The post was shared to the subreddit r/Mommit, with the subject line, “My son’s teacher called to tell me that she’s ready to give up on him?” It read:
Decode and demystify Gen Z's latest online slang terms with In The Know's new glossary.
“My son is in 2nd grade. He’s 7. His teacher told me that his progress is slow and not on par with his peers. She says he struggles with his work, and he doesn’t complete his work. She wants to place him in special education.”
The post continued, “I refuse to put him in special ed because I don’t think that’s necessary for him, and I do think he’s capable of doing better. I know that his Dad helps him with his homework every day. However, his Dad, a lot of times, does it for him instead of helping him. His Dad has also said that he struggles with his homework, and a lot of times, he loses his patience and just gives him the answers.”
The mom concluded, “His 1st-grade teacher would say the same thing, that his progress is very slow. However, they say that he listens well and he behaves well. I’m trying to figure out options on how I can help him catch on to his work.”
Three sundresses under $50 that are perfect for summer:
‘That’s not giving up on him. It’s the opposite.’
Reddit users quickly weighed in, gently correcting the mom’s perception of special education.
One user asked, “Did the teacher say she was giving up on him, or did she say she wanted to have him evaluated for SPED? Placing a child in special education is not giving up on them it means that your child may need additional resources to thrive in school. There is nothing wrong with this, and addressing it early will help your son’s future teachers better prepare him for life after school!”
To this comment, another Reddit user replied, “Yes! I’m a high school teacher, and I think far too many people see SPED as a negative thing. So many students THRIVE in school with just a few extra accommodations (which teachers are trained in and are typically happy to provide!!).”
Another school official weighed in, “High school teacher here. I, too, don’t know why IEPs [Individualized Education Plans] get such a bad rap. Some kids just need different learning strategies and with so many other students to care for, it is so beneficial to have that IEP case manager telling me exactly how to best support that student. It has nothing to do with how successful a child will be. Gosh, if anything, it’s making sure they will be successful.”
Supplying the perspective of a special education student, one user shared, “As a former special ed kid… I felt shame about being in SPED when I was in school, but omg, thank GOD I was. I am dyslexic and have a visual perceptual learning disability. I got intervention in 2nd grade, and it changes the trajectory of my life. I not only graduated but ended up at a top law school and have a career that I love. Do not let the stigma of special ed stop you from pursuing an evaluation or accommodations for your kiddo. SPED kids might learn differently, but that doesn’t mean they don’t learn. Let your child get the support they need.”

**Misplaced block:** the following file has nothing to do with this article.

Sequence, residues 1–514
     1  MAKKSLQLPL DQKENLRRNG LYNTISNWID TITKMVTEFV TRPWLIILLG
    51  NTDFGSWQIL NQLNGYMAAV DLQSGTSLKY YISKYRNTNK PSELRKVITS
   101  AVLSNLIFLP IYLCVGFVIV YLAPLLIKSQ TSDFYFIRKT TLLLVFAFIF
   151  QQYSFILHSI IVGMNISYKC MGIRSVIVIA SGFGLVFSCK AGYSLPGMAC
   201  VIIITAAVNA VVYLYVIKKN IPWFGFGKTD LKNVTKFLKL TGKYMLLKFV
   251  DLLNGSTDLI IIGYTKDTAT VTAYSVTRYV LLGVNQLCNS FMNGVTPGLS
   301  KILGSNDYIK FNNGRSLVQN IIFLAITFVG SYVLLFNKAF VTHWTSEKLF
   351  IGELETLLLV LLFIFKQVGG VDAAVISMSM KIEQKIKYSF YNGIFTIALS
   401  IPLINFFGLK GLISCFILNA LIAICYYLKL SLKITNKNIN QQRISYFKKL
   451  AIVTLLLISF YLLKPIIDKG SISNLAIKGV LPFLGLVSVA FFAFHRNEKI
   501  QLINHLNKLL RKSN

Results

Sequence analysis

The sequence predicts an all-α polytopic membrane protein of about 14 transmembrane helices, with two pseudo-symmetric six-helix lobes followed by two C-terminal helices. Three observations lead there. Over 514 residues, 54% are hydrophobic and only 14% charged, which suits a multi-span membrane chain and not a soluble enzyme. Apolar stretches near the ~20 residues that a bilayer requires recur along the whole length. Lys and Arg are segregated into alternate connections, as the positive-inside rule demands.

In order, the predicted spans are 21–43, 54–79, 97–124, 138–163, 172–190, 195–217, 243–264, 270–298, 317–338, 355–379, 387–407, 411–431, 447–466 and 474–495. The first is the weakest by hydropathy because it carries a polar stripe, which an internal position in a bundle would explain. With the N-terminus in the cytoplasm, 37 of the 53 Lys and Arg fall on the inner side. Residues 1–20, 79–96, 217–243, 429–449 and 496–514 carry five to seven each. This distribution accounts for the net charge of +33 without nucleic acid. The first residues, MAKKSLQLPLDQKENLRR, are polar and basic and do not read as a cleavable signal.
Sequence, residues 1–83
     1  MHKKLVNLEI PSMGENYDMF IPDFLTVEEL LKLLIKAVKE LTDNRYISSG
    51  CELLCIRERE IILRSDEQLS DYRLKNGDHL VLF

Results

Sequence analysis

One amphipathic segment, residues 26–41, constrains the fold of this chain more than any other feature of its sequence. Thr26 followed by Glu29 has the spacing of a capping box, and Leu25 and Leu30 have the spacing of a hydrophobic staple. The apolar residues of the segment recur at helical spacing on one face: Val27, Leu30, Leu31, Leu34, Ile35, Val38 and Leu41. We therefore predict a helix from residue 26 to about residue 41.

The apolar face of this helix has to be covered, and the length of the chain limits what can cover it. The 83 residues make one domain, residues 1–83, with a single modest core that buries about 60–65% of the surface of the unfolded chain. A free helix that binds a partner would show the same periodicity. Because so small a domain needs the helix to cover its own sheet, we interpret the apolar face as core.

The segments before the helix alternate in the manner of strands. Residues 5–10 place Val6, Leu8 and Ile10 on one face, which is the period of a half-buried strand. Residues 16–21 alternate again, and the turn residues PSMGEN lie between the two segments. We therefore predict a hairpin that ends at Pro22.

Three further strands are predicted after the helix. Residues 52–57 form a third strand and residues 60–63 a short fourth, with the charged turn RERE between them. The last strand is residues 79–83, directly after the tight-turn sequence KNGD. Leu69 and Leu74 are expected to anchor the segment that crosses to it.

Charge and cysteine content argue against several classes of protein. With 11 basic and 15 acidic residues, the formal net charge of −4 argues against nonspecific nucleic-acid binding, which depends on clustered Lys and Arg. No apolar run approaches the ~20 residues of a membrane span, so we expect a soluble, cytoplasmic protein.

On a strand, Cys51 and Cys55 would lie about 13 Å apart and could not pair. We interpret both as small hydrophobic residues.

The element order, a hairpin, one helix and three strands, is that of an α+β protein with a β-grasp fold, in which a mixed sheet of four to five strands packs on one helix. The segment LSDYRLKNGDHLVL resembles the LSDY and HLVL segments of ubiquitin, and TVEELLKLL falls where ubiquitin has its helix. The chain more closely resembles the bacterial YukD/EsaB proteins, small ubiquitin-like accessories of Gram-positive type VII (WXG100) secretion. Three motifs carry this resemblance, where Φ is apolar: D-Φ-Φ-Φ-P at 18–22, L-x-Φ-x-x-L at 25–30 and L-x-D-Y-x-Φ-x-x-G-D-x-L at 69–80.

Another teacher shared, “I’m an elementary teacher. Recommending a student to be evaluated for SpEd is not giving up on him. In fact, it’s the opposite. If she had given up on him, she would be doing nothing. To be evaluated, she will need to keep a record of every intervention she has tried and the outcome of each. It’s extremely time consuming, and it’s hard work.”
One Reddit user replied, “She’s recommending him for services because she realizes that she can’t do it alone. He needs more than she can offer alone. Please don’t deny your child the help or services he needs just because you’re afraid of a diagnosis or a label. It sounds like he needs some help, and you should do your best to work with the school to provide him with what he needs.”
A medical professional weighed in, “Yup, I’m a therapist, and IEPs can be incredibly helpful. If the kiddo has a processing speed issue, it’s not something that’s going to go away on its own. Approach the issue with curiosity and figure out what supports will allow him to excel.”
“It sounds like your little one needs more specialized support. That’s not giving up on him. It’s the opposite. It’s giving him individualized care to help him develop to the best of his ability,” commented another Reddit user.
If you or your child’s teacher feel your child might benefit from special education, the Center for Parent Information & Resources suggests having your child evaluated by your school’s team of special education professionals.
Grab your skillet and say cheese:
In The Know is now available on Apple News — follow us here!
If you enjoyed this story, check out this teacher who made a 3D-printed prosthetic arm for his student struggling in class.
More from In The Know: